It was no surprise that Victorian penny dreadful heroines took to the gun and the axe when we look at the trials they underwent in the hands of imaginative penny-a-liners. Women were stripped, whipped, kidnapped by lustful aristocrats, imprisoned by murderous nuns, and (in Fanny White and Her Friend Jack Rawlings, A Romance of a Young Lady Thief and a Boy Burglar) raped by hunchbacks.
Divine Providence and hidden inheritance, masks and faces and cross-gender dressing, the orphan raised in poverty who is really a Lord or a Lady, - these were the elements used time and time again by the dramatists and penny-a-liners of Victorian England, and the audience never tired of it. The best of the serial writers, James Malcolm Rymer, Charles Henry Ross and Edward Ellis, all serial writers for Reynolds’s Miscellany, used the cliches in every work and managed to make each story fresh and exciting. The reader who was familiar with the conventions knew what to expect and enjoyed the anticipation.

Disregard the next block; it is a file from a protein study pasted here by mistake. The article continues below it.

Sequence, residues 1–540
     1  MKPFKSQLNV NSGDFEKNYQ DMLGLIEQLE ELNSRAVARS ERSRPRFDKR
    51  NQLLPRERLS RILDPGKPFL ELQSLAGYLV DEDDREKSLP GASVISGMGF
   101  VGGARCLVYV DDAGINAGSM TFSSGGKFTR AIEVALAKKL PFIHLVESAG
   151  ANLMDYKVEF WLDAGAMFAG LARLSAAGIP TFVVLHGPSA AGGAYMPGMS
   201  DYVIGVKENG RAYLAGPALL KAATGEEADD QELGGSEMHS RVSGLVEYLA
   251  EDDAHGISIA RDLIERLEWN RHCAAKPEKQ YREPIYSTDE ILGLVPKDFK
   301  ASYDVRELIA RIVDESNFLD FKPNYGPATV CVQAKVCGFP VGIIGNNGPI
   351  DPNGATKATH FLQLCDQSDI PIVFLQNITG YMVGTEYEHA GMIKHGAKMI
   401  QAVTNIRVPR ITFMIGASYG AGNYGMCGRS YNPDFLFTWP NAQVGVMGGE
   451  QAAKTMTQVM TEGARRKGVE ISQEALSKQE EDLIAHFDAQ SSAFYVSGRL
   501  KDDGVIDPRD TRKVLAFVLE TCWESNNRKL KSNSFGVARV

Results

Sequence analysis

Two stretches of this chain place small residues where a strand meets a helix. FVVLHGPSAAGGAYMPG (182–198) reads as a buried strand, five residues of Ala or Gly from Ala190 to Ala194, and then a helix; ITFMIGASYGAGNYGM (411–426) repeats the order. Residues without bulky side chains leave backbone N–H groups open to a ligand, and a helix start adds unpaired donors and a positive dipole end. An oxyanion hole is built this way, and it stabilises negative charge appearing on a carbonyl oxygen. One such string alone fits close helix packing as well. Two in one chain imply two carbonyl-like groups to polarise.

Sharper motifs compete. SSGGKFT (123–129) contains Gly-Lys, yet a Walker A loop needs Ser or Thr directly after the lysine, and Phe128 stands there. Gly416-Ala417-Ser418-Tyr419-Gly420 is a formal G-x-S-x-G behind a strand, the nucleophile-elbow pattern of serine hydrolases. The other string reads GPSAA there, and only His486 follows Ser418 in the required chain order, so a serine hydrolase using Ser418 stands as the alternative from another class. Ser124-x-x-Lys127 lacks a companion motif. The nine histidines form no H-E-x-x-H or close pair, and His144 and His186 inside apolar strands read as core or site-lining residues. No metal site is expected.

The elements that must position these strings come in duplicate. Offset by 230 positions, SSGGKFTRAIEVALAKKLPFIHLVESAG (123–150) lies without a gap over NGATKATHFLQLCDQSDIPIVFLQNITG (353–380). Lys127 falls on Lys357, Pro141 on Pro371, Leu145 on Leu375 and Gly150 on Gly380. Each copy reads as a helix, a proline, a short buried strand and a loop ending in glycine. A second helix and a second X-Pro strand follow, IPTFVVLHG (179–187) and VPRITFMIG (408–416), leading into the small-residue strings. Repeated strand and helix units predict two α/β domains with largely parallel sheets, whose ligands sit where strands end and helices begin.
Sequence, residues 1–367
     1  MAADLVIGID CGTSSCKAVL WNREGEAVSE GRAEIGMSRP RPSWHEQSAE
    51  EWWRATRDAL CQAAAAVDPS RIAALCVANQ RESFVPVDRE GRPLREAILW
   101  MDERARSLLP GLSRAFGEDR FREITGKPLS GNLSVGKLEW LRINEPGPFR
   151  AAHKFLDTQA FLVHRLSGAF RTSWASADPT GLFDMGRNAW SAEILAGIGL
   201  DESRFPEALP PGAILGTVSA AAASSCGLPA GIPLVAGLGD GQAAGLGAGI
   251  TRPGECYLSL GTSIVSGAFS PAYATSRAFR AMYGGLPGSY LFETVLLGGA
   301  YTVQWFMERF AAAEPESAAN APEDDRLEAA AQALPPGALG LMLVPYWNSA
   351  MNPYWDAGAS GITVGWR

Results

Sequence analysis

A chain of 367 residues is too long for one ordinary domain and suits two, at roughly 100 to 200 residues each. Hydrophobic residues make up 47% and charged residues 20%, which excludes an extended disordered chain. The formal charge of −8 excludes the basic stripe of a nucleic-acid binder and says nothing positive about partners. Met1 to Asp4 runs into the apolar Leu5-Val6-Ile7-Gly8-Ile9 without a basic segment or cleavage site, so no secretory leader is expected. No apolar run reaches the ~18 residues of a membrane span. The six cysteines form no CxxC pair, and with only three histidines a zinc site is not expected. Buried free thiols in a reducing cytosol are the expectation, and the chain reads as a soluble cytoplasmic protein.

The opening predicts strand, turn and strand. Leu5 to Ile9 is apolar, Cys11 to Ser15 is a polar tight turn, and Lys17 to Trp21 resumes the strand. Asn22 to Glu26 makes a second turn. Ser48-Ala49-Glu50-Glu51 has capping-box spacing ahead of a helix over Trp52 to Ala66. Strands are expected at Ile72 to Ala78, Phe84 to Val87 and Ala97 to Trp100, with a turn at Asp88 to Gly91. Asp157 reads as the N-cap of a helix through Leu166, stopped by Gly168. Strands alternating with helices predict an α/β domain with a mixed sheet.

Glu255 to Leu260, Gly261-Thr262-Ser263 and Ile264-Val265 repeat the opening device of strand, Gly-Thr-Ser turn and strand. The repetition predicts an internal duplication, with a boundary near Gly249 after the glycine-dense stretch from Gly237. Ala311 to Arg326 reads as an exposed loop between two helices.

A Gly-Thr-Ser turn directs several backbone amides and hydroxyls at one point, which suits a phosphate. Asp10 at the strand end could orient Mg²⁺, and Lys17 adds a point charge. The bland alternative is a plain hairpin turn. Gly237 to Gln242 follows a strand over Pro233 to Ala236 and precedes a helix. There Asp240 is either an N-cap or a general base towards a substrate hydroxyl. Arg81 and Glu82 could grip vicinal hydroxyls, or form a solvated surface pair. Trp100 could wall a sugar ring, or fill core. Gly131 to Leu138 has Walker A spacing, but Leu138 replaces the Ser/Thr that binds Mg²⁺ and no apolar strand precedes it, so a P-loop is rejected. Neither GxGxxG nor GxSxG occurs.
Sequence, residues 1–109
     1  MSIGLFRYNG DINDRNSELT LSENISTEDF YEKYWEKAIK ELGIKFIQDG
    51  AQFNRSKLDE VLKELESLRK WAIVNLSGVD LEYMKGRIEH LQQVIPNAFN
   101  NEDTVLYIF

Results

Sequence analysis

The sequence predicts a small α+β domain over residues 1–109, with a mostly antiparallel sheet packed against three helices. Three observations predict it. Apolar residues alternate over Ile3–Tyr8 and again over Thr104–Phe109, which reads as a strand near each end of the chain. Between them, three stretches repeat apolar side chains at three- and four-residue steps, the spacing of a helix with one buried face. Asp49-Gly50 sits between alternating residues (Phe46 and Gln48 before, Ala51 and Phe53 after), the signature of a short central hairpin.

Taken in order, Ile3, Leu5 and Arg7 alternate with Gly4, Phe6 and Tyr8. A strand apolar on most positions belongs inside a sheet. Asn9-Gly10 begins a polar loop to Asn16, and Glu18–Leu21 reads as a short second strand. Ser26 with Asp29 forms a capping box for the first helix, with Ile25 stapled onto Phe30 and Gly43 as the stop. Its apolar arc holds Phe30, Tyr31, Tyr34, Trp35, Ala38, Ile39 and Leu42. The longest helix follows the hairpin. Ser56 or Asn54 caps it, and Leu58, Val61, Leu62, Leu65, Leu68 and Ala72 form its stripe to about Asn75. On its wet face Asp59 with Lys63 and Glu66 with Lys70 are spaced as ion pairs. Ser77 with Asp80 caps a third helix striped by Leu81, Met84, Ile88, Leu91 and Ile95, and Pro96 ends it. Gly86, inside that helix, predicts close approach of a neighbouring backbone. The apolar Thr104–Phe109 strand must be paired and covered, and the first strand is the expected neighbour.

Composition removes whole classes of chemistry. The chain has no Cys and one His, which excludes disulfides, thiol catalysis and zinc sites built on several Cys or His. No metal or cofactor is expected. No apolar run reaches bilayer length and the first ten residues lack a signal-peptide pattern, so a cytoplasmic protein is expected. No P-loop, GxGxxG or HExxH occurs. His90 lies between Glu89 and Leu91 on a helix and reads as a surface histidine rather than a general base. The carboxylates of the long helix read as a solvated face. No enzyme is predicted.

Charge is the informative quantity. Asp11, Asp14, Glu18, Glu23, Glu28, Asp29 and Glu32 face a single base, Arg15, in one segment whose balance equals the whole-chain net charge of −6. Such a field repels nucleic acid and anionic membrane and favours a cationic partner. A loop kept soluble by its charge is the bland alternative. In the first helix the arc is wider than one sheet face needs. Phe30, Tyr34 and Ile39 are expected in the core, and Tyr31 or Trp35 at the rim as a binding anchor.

Rymer was the leading writer of penny dreadfuls from the beginnings in the 1840’s to the modern crop of writers appearing in print during the glory days of the 1860’s. He was particularly inventive in his use of the conventions of the form. The heroine of May Dudley; or, The White Mask is not even in reality May Dudley, she is Phoebe Carrol, whose mother took in the real May Dudley, who died, and Phoebe’s father substituted his daughter for the dead heiress. “-some day, as sure as this is sunlight that shines in upon us, the secret of my not being of noble birth will be discovered.” Rymer enjoyed overturning the readers expectations, his highwayman, the White Mask, is a woman, and her page Rachael, also known as Robert, dresses in the costume of a groom.
When May Dudley transforms herself into the White Mask the affinity with melodrama becomes apparent, even the word metamorphosis is reminiscent of the stage with its grandiose effects and transformations;
“That is all well,” replied May Dudley; and then she stood up in the barouche, and unclasped the Kamschatka mantle from her throat.
Released from that golden clasp, the heavy sable robe fell in a confused heap to her feet in the carriage, and revealed May Dudley, again in that same costume which she had worn in the Park on the night before.